Paris Lees has mixed feelings about ‘The Crying Game’

Queer Icons

Queer Icons is BBC Radio 4’s celebration of LGBTQ culture. Guests on the station’s daily arts and culture programme Front Row choose queer artworks which are special to them.

Paris Lees is a journalist, presenter, and transgender rights activist.

A film that’s really special to me is ‘The Crying Game’, which is by Neil Jordan from 1992. And I first remember coming across it when I was at college and I had a friend who was transgender and she used to go on about this film because she was a hairdresser and she was mixed-race as well and she said “There’s a film with someone like me in it!” But I think it was probably the first time that I’d really seen a transgender person represented in Hollywood.

The film’s transgender lead, Dil, is played by Jaye Davidson and there was something about Dil that connected with me.

I’d say the story revolves around Dil. She’s the character who sticks in your mind, but it actually revolves around an IRA man played by Stephen Rea who makes a promise to somebody he’s befriended in quite strange circumstances, in a hostage situation. He makes a promise to look after this guy’s girlfriend and he ends up falling in love with her and finding out that she’s transgender in quite a spectacular fashion, shall we say. She does this big reveal and takes off her dressing gown and reveals that she has a penis dangling between her legs for all to see.

So it’s really problematic, looking back on it now. I love the film, but in terms of the trans-politics it’s really dated now. The idea that you would use somebody being trans as a plot twist feels a bit exploitative and there’s the fact that Stephen’s character throws up, he goes and vomits.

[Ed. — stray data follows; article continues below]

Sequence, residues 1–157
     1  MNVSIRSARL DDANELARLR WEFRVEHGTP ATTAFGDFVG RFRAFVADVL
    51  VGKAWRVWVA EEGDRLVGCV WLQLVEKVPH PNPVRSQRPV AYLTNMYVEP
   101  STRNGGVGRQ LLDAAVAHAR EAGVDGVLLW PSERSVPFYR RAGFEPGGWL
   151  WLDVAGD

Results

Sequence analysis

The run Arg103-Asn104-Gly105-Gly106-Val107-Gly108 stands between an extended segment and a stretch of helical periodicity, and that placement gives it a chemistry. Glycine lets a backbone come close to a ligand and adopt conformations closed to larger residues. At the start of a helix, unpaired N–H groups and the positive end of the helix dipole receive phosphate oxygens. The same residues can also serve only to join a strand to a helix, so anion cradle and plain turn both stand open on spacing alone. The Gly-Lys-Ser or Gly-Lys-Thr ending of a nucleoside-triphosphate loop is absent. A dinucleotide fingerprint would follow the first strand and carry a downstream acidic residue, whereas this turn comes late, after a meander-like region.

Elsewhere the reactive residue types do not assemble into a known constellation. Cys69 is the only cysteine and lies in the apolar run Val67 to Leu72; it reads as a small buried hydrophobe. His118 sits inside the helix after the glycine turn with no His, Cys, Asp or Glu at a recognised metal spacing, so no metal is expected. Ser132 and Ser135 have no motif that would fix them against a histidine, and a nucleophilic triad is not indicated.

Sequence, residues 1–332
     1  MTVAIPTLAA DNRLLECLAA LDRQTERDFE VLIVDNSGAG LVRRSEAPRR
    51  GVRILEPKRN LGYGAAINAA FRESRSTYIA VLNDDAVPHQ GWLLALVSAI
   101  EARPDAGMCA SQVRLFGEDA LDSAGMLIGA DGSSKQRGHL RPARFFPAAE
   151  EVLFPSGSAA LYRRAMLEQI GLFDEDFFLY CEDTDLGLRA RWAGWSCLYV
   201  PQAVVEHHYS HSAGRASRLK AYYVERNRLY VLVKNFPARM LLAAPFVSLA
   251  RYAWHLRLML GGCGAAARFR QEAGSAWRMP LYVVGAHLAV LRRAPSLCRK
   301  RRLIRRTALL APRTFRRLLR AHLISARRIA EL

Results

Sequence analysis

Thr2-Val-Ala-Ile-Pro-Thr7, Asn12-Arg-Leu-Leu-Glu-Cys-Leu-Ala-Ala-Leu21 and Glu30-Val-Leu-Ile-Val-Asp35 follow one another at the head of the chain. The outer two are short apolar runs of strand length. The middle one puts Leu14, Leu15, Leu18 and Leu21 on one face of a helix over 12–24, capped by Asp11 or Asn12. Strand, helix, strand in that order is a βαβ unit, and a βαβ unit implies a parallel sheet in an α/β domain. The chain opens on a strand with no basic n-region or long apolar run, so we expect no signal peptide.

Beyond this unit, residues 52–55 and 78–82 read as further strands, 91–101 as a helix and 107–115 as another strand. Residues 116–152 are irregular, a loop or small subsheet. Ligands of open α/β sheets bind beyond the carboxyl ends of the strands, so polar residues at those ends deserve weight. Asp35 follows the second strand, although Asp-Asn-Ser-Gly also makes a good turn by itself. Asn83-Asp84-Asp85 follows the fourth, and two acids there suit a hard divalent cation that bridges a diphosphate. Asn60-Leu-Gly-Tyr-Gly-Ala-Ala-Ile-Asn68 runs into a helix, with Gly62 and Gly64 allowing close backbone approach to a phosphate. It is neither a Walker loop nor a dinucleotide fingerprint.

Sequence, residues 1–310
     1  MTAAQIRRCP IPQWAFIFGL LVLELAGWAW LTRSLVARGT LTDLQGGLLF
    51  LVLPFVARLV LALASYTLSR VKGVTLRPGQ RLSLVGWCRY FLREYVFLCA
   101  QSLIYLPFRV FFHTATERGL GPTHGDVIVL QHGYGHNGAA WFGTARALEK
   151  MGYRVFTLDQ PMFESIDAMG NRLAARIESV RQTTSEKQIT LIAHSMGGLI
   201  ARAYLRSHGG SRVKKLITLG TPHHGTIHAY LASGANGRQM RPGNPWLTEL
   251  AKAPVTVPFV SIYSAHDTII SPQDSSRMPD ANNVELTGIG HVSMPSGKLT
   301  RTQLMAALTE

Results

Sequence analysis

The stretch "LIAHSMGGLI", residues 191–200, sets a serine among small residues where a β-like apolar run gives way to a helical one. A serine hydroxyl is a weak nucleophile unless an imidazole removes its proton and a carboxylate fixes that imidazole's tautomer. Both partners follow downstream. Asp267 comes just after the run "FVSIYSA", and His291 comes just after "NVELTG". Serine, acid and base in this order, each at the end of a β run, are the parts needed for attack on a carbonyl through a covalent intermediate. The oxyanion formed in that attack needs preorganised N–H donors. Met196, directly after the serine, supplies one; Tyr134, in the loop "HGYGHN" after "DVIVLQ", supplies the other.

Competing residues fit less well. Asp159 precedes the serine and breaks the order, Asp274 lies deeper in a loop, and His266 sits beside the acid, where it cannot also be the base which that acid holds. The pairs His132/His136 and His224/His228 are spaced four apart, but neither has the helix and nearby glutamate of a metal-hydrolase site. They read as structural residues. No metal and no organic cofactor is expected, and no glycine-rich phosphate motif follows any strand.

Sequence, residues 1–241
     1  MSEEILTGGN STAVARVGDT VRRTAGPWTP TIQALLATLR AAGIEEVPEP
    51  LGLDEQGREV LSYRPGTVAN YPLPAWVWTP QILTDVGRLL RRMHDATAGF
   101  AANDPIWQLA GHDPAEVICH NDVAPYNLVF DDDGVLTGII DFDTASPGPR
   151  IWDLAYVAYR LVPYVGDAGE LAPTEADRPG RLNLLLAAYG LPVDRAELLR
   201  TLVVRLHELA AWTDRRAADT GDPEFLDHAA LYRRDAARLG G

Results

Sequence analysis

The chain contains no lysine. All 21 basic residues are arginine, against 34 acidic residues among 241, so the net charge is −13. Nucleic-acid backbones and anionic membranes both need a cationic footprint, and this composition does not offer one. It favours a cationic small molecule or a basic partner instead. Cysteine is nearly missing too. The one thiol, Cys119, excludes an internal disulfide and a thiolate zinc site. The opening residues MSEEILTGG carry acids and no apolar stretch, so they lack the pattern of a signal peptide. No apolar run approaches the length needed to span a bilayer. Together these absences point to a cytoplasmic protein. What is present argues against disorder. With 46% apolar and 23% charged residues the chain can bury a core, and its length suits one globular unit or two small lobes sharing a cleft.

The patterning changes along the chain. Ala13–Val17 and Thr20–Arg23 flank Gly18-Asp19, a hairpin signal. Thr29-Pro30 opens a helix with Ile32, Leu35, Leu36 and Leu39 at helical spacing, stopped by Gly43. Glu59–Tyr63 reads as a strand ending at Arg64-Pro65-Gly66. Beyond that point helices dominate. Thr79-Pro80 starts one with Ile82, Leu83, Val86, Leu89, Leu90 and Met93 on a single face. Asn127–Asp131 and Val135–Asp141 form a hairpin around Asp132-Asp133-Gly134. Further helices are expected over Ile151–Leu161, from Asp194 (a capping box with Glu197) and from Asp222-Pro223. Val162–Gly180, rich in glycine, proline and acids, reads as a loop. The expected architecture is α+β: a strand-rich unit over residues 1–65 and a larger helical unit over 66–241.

I find that really difficult to watch actually because there just weren’t any representations of transgender people. You could count them on one hand up until about five years ago and one of the only times that you’d ever see a transgender person is if we were the object of ridicule or pity or disgust.

Now when I was in a similar situation to Dil and I was dating people at that time of my life nobody ever vomited. I’ve known people to react badly in that situation, I’ve known people to become aggressive actually, but the majority of people have been quite relaxed when I’ve been in that situation.

And it’s a trope that we see again and again. There was something like that in Family Guy. There was a scene where a character was revealed to be trans and somebody vomits. We saw the same thing in Ace Ventura: Pet Detective and it’s almost like trans women are disgusting, physically disgusting. And that’s a stain on the film as far as I’m concerned, but I don’t think it detracts from a great film and I think it’s of its time and obviously we’re all on a bit of a journey in terms of how we think about transgender people and how they’re represented on screen.

It was really great that this character was played by Jaye, a transgender actor, because I think Jaye is completely convincing in this role. I totally believe that at that time he could have been her, he could have been that character. And it just reminds me of so many friends that I’ve known over the years.

And when do we hear these people’s stories? When do we hear a working class, black, transgender woman’s story being told? And it is a shame that it was done in such a sensational way, but actually if you stay with the film it does have a heart and her character’s got some depth and you know she’s not just there to be exploited, and it turns out to be a very quirky, very unusual love story like… like… I just can’t think of anything else quite like it.

—Paris Lees

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